How do I make a Referral?

These tips are intended to facilitate your patients for an efficient, stress-free appointment when making an orthodontic referral and help the attending clinician to better diagnose and plan management of the patient.

Please include in your referral letter:

  • Details of previous dental/orthodontic treatment; if there has been trauma to anterior teeth, long-term prognosis of carious teeth, filled teeth, endodontically-treated teeth
  • Relevant medical and medication history. Please advise the patient to bring along any letters from their physicians.
  • Stabilised dentition; To help your patient get appropriate treatment early please ensure your patient has good oral hygiene and is caries/periodontal disease free.
  • Inform your patient the purpose of the referral and ensure the patient understands and is willing to undergo orthodontic treatment
  • Special investigations; If you have taken recent relevant radiographs please include these with the referral to avoid unnecessary overexposure to radiation. If the radiographs are in digital form, a copy is adequate. (From medicolegal standpoint, all records belong to the patient and can be released to the patient with prior consent)
  • Urgency; If you think the patient needs to be seen urgently please mention why in the referral letter. This will facilitate your patient to an early appointment

Please be aware that although most government orthodontic clinics in Malaysia have a ‘waiting list’ for routine fixed appliance therapy,  priority is given to patients with cleft lip and palate, dental anomalies, functional and skeletal problems. The Index of Orthodontic Treatment Need (IOTN) is used by all dental officers in government dental clinics as a referral guideline and prioritisation. Treatment is eligible only for those presenting with IOTN Dental Health Component of DHC Grade 4 & 5 and consultation for DHC Grade 3 and above.

What are the options for referring adults or those with very mild malocclusion?

Many adults are now seeking orthodontic treatment and those patients with very mild malocclusion may be prompted to wear braces as their dental awareness heightens. This may be compounded by peer and social pressures as it is not uncommon in our society that braces may be regarded as a status symbol or fashion fad.

  • Adults and those with mild malocclusions for purely aesthetic correction are usually not eligible for treatment in government orthodontic clinics. They may be referred to private clinics with qualified orthodontists who can offer a wide range of services.
  • It is never too old to have orthodontic treatment provided the overall oral health is good and the patient maintains a good oral hygiene, has sufficient teeth and supporting alveolar bone to consider orthodontic treatment as part of comprehensive treatment goal.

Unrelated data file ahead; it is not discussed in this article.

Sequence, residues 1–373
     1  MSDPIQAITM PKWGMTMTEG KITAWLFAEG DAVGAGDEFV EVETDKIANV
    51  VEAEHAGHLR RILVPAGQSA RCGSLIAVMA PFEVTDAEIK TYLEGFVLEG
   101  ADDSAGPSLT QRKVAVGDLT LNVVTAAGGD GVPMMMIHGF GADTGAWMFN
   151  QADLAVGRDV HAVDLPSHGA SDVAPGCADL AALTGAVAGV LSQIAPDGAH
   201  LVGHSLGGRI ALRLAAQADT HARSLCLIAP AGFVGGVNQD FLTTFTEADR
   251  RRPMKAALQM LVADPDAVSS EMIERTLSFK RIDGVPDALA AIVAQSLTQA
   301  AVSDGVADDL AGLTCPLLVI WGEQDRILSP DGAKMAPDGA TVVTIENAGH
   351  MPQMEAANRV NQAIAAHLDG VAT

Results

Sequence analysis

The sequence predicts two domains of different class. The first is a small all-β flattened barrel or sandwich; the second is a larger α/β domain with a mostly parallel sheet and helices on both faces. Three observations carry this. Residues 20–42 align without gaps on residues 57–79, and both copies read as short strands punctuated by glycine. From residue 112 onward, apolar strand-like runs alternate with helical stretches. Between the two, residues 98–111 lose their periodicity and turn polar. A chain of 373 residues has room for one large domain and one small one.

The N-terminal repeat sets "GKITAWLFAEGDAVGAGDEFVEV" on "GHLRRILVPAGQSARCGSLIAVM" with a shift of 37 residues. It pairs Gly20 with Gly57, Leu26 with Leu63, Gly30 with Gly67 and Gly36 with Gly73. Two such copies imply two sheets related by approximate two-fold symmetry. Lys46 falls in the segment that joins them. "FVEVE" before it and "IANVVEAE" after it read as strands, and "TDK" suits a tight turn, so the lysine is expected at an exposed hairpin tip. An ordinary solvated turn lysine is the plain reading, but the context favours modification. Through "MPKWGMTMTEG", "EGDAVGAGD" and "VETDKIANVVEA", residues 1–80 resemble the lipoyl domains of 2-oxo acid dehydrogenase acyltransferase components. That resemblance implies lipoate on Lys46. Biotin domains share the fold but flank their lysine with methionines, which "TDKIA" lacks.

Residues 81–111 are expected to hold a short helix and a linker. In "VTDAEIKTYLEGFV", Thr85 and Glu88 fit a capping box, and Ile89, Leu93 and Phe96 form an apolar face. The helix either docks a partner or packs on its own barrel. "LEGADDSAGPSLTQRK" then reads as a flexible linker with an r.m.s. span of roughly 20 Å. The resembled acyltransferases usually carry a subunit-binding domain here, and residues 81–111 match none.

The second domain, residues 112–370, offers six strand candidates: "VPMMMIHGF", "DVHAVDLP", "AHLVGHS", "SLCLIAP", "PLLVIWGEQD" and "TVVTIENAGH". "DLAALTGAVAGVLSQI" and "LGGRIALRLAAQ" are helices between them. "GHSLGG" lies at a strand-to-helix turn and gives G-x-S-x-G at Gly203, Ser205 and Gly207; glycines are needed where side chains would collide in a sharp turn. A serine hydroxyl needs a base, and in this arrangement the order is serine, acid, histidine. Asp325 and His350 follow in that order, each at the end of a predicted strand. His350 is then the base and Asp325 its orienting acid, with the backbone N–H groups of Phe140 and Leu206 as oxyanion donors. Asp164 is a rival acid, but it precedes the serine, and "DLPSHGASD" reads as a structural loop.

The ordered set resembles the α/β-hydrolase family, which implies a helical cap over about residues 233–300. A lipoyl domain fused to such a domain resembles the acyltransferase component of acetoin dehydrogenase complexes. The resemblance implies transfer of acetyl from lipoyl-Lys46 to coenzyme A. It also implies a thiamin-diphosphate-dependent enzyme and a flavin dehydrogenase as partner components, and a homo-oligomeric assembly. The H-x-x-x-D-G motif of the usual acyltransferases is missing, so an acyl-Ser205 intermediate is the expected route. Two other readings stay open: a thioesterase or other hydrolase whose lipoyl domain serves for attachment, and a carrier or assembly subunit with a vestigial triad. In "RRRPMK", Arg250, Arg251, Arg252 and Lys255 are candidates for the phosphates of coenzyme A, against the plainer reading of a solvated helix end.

• It is socially acceptable to wear braces at any age especially with current aesthetic orthodontic appliances which are almost ‘invisible’. Some of the aesthetic appliances available include clear brackets on the labial surfaces of the teeth, tooth-coloured wires, lingual appliances attached to the lingual or inside surfaces of teeth and removable clear aligners. However not all cases are suitable for these appliances. Your orthodontist will advice you on the appropriate choice of treatment and appliances.
  • Some adults may have a compromised dentition due to loss of teeth, periodontal disease or lack of alveolar bone support. Treatment can be challenhing and costly due to the presence of crowns and bridges which may need removal or restoration before and after orthodontic treatment.
  • Your dentist may recommend adjunctive orthodontic treatment as a means of facilitating the construction of fixed and removable prostheses or tooth implants and for the long-term health of your existing dentition. Orthodontic treatment can upright teeth and create space to improve the insertion of dentures, crowns and bridges and implants.
  • Limited specific orthodontic treatment is an excellent way to resolve spacing and drifting of teeth due to periodontal disease or early loss of teeth. This may reduce unnecessary loss of tooth structure with construction of crowns and bridges for a more stable long-term outcome.

Adults with more complex occlusal and restorative problems may be treated in combined multidisciplinary clinics in government hospitals or/and the private sector. Most clinics have a ‘waiting list’ and priority is subject to the severity of the problem.

Malaysian Association of Orthodontists

Secretariat Address:

Malaysian Association of Orthodontists,
21-3A, Tingkat 2, Blok L, Jalan PJU 1/3C,
SunwayMas Commercial Centre,
47301, Petaling Jaya,
Selangor DE